American intelligence agencies expressed "high confidence" that Putin ordered an "influence campaign" including social media postings to harm candidate Hillary Clinton in the election. Putin has consistently denied any Kremlin involvement in the interference.



Under the Marxist model, dynastic succession isn't supposed to happen. But Kim Il Sung, who ruled for 46 years until his death in 1994, jettisoned that thinking and groomed his son, Kim Jong Il, to lead.

The hereditary dictatorship, now in its third generation under grandson Kim Jong Un, has proven resilient, lasting 70 years in direct conflict with the United States. The regime is possibly stronger than ever and is on the verge of having a viable nuclear weapon.

That grip on power has come at significant cost to the nation. Basic human rights such as the freedom of speech, of travel and of religion are suppressed and the health of the economy is subjected to the needs of the military and the regime elite.

Kim has tried to emulate his grandfather in appearance and style. But he has struggled with the classic authoritarian dilemma: His regime and economic policies must adapt to survive, but allowing change could open the door to his own downfall.



In the early days following the end of white minority rule in 1980, President Robert Mugabe stressed education and industries flourished.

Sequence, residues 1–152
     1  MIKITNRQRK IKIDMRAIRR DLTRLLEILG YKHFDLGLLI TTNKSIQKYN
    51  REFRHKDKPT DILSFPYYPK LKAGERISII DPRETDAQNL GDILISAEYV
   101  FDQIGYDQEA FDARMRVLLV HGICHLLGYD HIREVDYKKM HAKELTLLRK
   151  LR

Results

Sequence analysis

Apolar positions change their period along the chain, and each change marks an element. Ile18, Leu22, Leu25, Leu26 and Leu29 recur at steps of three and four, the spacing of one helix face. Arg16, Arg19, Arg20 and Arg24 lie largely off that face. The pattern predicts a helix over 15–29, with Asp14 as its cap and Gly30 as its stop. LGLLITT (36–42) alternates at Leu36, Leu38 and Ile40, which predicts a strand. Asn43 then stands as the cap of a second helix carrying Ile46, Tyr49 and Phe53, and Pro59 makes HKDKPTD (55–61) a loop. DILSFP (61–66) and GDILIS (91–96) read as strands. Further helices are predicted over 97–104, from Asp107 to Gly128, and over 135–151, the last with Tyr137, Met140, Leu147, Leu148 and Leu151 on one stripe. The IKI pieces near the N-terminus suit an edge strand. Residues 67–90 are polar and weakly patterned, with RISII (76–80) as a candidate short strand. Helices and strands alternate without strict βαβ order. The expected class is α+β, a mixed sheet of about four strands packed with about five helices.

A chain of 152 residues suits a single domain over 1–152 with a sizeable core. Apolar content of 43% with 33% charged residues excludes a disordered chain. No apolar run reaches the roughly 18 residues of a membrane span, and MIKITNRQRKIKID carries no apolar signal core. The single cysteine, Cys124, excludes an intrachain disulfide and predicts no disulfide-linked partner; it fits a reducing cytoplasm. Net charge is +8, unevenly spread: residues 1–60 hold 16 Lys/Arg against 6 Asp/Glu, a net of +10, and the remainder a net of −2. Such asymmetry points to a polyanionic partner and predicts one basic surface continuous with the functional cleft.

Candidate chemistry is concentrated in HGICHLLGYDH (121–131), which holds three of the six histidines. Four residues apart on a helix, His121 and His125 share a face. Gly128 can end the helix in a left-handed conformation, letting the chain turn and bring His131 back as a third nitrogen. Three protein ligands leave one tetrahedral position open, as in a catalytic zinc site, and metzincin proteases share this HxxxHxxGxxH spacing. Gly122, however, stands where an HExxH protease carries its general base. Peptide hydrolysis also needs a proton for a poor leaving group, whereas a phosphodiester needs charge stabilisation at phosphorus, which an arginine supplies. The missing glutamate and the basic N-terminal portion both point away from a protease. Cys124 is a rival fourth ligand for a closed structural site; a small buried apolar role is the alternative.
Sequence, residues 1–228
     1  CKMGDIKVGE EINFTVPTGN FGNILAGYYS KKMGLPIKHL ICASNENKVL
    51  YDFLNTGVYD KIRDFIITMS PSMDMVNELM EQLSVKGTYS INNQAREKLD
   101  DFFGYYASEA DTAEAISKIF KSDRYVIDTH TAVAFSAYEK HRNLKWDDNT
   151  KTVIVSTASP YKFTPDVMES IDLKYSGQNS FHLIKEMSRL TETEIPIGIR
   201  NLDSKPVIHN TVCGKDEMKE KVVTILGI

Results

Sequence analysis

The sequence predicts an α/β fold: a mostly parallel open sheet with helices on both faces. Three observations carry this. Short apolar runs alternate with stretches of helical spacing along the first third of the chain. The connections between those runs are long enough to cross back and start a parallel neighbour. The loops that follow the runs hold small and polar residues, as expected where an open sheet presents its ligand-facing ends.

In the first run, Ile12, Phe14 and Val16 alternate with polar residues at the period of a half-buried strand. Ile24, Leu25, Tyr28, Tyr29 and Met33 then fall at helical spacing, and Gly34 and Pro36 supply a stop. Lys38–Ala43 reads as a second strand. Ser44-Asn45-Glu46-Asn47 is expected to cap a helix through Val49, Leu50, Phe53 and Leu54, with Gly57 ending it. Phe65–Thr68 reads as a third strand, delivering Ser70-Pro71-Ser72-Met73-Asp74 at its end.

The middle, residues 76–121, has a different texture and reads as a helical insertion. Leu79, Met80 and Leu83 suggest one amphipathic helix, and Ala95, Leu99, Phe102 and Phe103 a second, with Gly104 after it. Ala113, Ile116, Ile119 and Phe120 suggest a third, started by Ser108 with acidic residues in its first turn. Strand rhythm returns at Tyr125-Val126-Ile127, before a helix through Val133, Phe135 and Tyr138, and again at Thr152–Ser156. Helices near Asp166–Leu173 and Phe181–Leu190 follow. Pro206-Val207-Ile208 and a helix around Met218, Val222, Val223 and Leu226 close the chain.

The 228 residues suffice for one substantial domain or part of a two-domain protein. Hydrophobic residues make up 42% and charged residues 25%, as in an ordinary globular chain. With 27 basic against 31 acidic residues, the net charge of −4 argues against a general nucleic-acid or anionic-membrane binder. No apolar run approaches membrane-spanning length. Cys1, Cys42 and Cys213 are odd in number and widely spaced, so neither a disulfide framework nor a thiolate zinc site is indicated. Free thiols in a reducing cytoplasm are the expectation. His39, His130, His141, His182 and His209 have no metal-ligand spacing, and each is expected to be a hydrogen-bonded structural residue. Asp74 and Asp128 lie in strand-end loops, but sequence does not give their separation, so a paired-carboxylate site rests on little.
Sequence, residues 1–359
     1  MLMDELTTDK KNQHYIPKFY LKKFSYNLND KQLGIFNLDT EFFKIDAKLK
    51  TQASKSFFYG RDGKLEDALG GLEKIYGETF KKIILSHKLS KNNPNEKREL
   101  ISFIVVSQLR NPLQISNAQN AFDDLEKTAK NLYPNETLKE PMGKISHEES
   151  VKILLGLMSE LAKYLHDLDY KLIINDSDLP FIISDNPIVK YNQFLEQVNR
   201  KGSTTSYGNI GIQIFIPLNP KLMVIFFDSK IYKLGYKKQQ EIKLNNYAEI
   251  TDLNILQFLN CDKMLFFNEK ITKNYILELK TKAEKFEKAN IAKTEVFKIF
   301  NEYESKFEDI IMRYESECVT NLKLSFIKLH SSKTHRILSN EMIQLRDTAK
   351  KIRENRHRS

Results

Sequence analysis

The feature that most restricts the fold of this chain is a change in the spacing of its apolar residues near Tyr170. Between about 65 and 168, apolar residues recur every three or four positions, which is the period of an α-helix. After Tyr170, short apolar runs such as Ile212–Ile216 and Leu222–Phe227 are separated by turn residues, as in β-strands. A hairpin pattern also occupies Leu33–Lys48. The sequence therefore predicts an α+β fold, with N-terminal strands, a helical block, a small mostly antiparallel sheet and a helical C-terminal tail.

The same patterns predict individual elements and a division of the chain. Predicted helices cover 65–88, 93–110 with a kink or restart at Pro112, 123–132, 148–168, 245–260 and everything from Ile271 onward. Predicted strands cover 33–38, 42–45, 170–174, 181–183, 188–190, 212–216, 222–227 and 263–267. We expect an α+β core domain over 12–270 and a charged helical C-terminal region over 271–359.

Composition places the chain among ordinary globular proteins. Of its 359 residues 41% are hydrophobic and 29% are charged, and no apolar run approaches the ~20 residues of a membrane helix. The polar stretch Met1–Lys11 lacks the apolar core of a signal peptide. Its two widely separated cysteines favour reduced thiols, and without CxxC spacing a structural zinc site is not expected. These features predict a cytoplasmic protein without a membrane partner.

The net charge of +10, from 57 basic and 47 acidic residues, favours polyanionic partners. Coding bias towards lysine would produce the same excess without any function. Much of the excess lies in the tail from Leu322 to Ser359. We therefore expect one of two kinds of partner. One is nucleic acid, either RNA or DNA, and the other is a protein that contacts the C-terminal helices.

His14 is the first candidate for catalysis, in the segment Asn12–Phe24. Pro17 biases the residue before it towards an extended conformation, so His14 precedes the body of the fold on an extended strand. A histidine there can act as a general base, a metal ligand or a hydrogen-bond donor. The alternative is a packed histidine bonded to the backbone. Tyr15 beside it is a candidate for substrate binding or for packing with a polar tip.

As the years went by, the economy collapsed and Zimbabwe was reduced to being one of the world's poorest countries. Mugabe was accused of clinging to power through violence, intimidation and election fraud.

Mugabe, 94, was forced to resign late last year after the military staged a takeover, lawmakers from the ruling party and opposition started impeachment proceedings and the public staged massive demonstrations against him.

Mugabe, who blamed the West for many of Zimbabwe's problems, was replaced as president by a former confidant who promises change. Zimbabwe's post-Mugabe path will become clearer after elections that are due to be held this year.



President Joseph Kabila took power after the 2001 assassination of his father. He won elections in 2006 and 2011 despite opposition claims the votes were not free and fair. His official mandate was to end December 2016 but the government has failed to organize elections.

Critics accuse Kabila of delaying the vote to stay in office, especially after a deal brokered by the Roman Catholic church to hold elections by the end of 2017 fell apart. Congo's government now says the vote will be in December, though tensions over the delays have led to deadly clashes in the streets between security forces and demonstrators.

Hundreds of opposition members have been arrested, prompting international condemnation. Kabila has said there is "no political uncertainty" and Congo is on track to hold elections despite the delays.


Associated Press writers Eric Talmadge, Christopher Torchia and Krista Larson contributed to this report.

Copyright © The Associated Press. All rights reserved. This material may not be published, broadcast, rewritten or redistributed.